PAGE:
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There is growing evidence that osteocalcin, an osteoblast-derived protein locally acting on bone formation, can increase insulin secretion as well as insulin sensitivity and thus prevent the development of obesity and diabetes in experimental animals. In humans, osteocalcin has been reported to be decreased in patients with type 2 diabetes. Because gestational diabetes mellitus (GDM) can serve as a model of pre–type 2 diabetes, the aim of this study was to investigate osteocalcin in GDM.
Osteocalcin measurement and an oral glucose tolerance test were performed in 78 pregnant women (26 women had GDM and 52 women had normal glucose tolerance [NGT] during pregnancy; women were matched for age and BMI) and in 34 women postpartum.
During pregnancy osteocalcin was significantly higher in the women with GDM than in the women with NGT (15.6 ± 6.4 vs. 12.6 ± 4.0 ng/ml; P < 0.015), whereas no difference was observed between the two groups at 12 weeks postpartum (36.2 ± 10.2 vs. 36.2 ± 13.0 ng/ml), when osteocalcin was found to be increased compared with the level in the pregnant state in all women (+145 ± 102% in GDM vs. +187 ± 119% in NGT; P < 0.0001). Moreover, osteocalcin showed a significant correlation with basal and total insulin secretion in the whole study group (R = 0.3, P < 0.01).
In GDM osteocalcin was higher and thus less restrained than in women with NGT during pregnancy and furthermore correlated with insulin secretion parameters. Therefore, it could be hypothesized that osteocalcin can enhance insulin secretion in insulin-resistant states; alternatively an effect of hyperinsulinemia on osteocalcin secretion cannot be excluded.
Evidence is growing regarding the reciprocal interaction between bone and energy metabolism (1). The findings that adipose tissue via leptin can regulate bone metabolism (2) and that insulin, as an anabolic hormone, influences bone metabolism via IGF-1 (3,4) raised the idea that bone in turn could also affect energy metabolism. Osteocalcin, an osteoblast-derived protein acting locally on bone formation, is suspected to be involved in the regulation of glucose and fat metabolism. Because animal models showed that mice lacking osteocalcin display insulin resistance and obesity, bone became a focus of interest concerning endocrine action as did adipose tissue when adipocytokines were detected. It has been demonstrated that osteocalcin can stimulate insulin secretion, acting directly on proliferation and secretion of the pancreatic β-cells. Osteocalcin might act via an endocrine pathway, and, indeed, osteocalcin has been reported to exert several hormone-specific features. Furthermore, it has been shown that osteocalcin can increase insulin sensitivity, probably by inducing the expression of adiponectin in adipocytes. Besides, mice lacking the Esp gene that encodes for a receptor-like protein called OST-PTP, which is thought to influence the bioactivity of osteocalcin, show increased energy expenditure and decreased levels of triglycerides and are protected from diet-induced obesity and diabetes (5).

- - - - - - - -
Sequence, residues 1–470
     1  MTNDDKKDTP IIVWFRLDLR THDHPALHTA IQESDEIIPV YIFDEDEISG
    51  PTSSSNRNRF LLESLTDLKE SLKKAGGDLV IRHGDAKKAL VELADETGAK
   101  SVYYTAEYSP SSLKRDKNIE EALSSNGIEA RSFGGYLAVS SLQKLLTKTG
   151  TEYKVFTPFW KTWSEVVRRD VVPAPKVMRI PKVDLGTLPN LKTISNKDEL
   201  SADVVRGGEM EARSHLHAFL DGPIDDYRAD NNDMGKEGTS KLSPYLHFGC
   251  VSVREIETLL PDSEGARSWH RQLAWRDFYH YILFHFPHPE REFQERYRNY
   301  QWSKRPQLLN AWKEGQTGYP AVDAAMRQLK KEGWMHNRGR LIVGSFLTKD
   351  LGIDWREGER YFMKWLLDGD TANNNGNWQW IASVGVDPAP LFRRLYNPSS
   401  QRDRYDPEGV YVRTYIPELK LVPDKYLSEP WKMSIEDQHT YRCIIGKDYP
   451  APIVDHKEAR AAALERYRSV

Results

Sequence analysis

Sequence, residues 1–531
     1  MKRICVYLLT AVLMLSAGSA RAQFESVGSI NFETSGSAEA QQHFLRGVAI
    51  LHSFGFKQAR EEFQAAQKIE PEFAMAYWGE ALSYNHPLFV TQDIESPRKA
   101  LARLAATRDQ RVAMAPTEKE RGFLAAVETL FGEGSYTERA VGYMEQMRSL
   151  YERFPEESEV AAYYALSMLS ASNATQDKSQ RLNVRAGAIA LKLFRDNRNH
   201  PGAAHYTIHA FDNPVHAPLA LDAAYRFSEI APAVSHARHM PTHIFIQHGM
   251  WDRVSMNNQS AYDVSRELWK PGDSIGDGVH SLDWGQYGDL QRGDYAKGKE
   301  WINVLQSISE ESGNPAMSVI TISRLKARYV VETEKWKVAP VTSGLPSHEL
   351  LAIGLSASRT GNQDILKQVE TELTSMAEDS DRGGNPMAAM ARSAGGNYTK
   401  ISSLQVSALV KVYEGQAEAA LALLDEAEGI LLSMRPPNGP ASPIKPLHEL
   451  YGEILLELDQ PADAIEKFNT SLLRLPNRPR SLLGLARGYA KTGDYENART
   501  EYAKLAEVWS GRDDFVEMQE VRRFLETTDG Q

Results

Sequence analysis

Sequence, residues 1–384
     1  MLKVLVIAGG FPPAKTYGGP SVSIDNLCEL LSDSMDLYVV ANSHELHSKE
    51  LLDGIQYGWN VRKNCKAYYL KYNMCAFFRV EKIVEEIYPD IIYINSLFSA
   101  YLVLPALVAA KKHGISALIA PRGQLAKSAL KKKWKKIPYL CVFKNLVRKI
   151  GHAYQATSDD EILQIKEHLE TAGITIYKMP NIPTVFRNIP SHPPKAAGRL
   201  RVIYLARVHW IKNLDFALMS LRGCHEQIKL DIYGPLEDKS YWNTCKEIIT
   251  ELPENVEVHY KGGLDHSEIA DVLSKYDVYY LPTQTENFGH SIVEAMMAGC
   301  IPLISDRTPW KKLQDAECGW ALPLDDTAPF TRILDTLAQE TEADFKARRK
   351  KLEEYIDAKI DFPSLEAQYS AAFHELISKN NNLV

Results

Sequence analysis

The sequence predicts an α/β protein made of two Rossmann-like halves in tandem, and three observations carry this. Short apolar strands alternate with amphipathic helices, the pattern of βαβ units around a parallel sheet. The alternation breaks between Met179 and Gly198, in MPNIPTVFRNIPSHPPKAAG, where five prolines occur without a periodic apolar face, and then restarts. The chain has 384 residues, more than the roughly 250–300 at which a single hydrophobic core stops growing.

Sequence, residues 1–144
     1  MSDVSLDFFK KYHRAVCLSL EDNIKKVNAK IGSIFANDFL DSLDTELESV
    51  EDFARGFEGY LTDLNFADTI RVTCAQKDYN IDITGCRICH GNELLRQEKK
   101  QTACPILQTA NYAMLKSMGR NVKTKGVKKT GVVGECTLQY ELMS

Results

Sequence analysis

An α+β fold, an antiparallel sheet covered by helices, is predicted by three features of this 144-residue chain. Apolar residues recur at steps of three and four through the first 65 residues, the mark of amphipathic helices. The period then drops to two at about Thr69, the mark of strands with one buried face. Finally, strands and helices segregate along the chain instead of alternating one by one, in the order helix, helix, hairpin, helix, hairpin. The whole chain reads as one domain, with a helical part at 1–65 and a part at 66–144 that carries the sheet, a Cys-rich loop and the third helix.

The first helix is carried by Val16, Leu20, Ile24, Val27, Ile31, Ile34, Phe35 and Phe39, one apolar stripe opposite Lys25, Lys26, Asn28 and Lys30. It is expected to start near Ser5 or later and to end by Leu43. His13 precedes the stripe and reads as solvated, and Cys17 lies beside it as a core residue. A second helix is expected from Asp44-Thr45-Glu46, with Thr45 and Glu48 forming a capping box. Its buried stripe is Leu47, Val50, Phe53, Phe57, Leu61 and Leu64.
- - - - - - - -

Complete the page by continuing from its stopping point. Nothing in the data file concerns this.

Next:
In humans, osteocalcin has been reported to be decreased in patients with type 2 diabetes (6), negatively correlated with fasting plasma glucose, A1C, insulin resistance (assessed by homeostasis model assessment of insulin resistance), high-sensitivity C-reactive protein (hs-CRP), and BMI and increased with improved glycemic control (7,8). Moderate weight loss and regular exercise have also been found to increase osteocalcin concentrations, partly by direct effects of exercise on bone remodeling and partly by a reduction in visceral fat (9). Furthermore, weight loss after bariatric surgery has been reported to be associated with a significant increase in osteocalcin (10). These findings again emphasize the connection between osteocalcin and substrate metabolism.
Because gestational diabetes mellitus (GDM), defined as glucose intolerance first detected during pregnancy (11), serves as a model to study the early changes in the development of insulin resistance and type 2 diabetes, interest in the action and regulation of osteocalcin in this entity, which affects about 10% of pregnant women in the middle European population, has increased. Besides pronounced insulin resistance compared with that in women with normal glucose tolerance (NGT) during pregnancy (12), pancreatic β-cell dysfunction has been described as the main metabolic characteristic in women with GDM (13). Despite increased insulin release, women with GDM fail to cope with the increased insulin demand during the physiological insulin resistance of late pregnancy, resulting in hyperglycemia. The majority of women with GDM regain NGT after delivery but have a life-long increased risk of developing type 2 diabetes, especially within the first 10 years after delivery (14). Therefore, the aim of this study was to investigate, for the first time, osteocalcin and its associations with glucose metabolism in GDM both during pregnancy and after delivery.
The study was performed as a case-control study at the outpatient clinic of the Department of Internal Medicine III, Division of Endocrinology and Metabolism of the Medical University of Vienna. Healthy pregnant women, who were referred from the department of obstetrics and gynecology to the outpatient clinic for routine glucose tolerance testing between the 24th and 28th gestational weeks, were invited to take part in this investigation. None of these women had a high risk for GDM (e.g., a history of GDM or obstetric complications in a previous pregnancy, any history of impaired glucose tolerance, or signs of fetal macrosomia), and, therefore, no prior glucose tolerance testing was performed during the respective pregnancy. Women who gave informed consent underwent a 2-h oral glucose tolerance test (OGTT) and fasting plasma sampling for the measurement of osteocalcin, A1C, hs-CRP, and lipid profile. We used the American Diabetes Association criteria for the definition of GDM: fasting plasma glucose values ≥95 mg/dl, 1-h postload 75-g glucose value ≥180 mg/dl, or 2-h postload glucose value ≥155 mg/dl. GDM was diagnosed when one value was pathological. All women with GDM received dietary counseling and were requested to measure their blood glucose levels four times daily. If the aim to achieve blood glucose levels <90 mg/dl at fasting and 140 mg/dl 1 h after meal could not be achieved by nutrition therapy, additional insulin therapy was started.